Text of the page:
The antifungal activity of 322 lactobacilli strains isolated from Edam cheese at different stages of the ripening process was tested against Fusarium proliferatum M 5689 using a dual overlay spot assay. Approximately 21% of the isolates showed a certain level of inhibitory activity.Seven strains with the strongest antifungal activity were examined by the milk agar plate method with three different mould strains isolated from spoiled dairy products as target microorganisms and were compared with the antifungal effectiveness of standard antifungal strains Lactobacillus rhamnosus VT1 and Lb. plantarum DC 1246.The newly isolated lactobacilli strains exhibited the strongest inhibition against F. proliferatum M 5689, followed by Penicillium sp. DMF 0006 and Aspergillus niger DMF 0801. The level of mould growth inhibition of several new isolates, namely Lb. paracasei ST 68, Lb. fermentum ST 40 and Lb. fermentum ST 41, was comparable to or slightly higher than that of standard strains. By use of both phenotypic and genotypic methods (REP-PCR, 16S rDNA), four out of seven antifungally active isolates were identified, one as Lb. paracasei and three as Lb. fermentum. Lb. paracasei ST 68 was chosen for further testing as antifungal protective adjunct for Edam cheese production.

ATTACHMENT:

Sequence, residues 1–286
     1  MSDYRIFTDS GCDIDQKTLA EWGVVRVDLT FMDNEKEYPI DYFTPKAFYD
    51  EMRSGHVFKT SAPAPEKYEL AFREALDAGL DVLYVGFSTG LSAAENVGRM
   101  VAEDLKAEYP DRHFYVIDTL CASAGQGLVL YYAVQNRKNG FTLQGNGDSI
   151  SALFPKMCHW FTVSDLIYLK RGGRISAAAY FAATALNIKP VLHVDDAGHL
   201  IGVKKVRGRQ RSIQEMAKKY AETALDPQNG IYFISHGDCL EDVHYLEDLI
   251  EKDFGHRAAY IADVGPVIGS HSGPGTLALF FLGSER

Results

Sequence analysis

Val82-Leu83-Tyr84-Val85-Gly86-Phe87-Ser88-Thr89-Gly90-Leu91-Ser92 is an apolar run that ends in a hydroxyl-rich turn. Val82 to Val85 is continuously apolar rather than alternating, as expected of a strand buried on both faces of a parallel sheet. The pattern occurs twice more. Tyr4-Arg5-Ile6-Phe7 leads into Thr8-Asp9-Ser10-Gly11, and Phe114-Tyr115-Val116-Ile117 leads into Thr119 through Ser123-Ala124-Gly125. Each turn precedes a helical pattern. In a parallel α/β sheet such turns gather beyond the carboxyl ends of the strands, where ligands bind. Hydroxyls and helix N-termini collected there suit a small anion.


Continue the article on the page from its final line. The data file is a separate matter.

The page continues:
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PUFA) on lactobacilli adhesion to the intestinal mucosa and on immunity in gnotobiotic piglets. Berl. Münch. Tierärztl. Wschr. 116 , 312–316. Posivak J. The influence of omega-3